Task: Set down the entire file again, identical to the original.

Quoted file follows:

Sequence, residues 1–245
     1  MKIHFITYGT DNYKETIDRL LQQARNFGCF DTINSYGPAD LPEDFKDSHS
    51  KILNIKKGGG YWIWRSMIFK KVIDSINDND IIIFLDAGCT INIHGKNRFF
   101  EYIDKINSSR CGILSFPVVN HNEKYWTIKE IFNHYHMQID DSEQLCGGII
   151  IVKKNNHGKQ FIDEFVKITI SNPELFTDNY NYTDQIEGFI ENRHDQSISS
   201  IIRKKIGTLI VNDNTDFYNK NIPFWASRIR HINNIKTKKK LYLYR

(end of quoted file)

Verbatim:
Sequence, residues 1–245
     1  MKIHFITYGT DNYKETIDRL LQQARNFGCF DTINSYGPAD LPEDFKDSHS
    51  KILNIKKGGG YWIWRSMIFK KVIDSINDND IIIFLDAGCT INIHGKNRFF
   101  EYIDKINSSR CGILSFPVVN HNEKYWTIKE IFNHYHMQID DSEQLCGGII
   151  IVKKNNHGKQ FIDEFVKITI SNPELFTDNY NYTDQIEGFI ENRHDQSISS
   201  IIRKKIGTLI VNDNTDFYNK NIPFWASRIR HINNIKTKKK LYLYR